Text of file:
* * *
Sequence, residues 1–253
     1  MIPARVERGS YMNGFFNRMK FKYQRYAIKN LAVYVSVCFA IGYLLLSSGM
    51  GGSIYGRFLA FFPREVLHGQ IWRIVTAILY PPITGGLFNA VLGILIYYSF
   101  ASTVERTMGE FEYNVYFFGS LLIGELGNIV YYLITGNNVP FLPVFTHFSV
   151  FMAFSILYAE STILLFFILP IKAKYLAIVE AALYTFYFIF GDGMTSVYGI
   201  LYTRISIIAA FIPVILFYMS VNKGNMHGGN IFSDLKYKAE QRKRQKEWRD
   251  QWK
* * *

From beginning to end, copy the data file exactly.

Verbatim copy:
Sequence, residues 1–253
     1  MIPARVERGS YMNGFFNRMK FKYQRYAIKN LAVYVSVCFA IGYLLLSSGM
    51  GGSIYGRFLA FFPREVLHGQ IWRIVTAILY PPITGGLFNA VLGILIYYSF
   101  ASTVERTMGE FEYNVYFFGS LLIGELGNIV YYLITGNNVP FLPVFTHFSV
   151  FMAFSILYAE STILLFFILP IKAKYLAIVE AALYTFYFIF GDGMTSVYGI
   201  LYTRISIIAA FIPVILFYMS VNKGNMHGGN IFSDLKYKAE QRKRQKEWRD
   251  QWK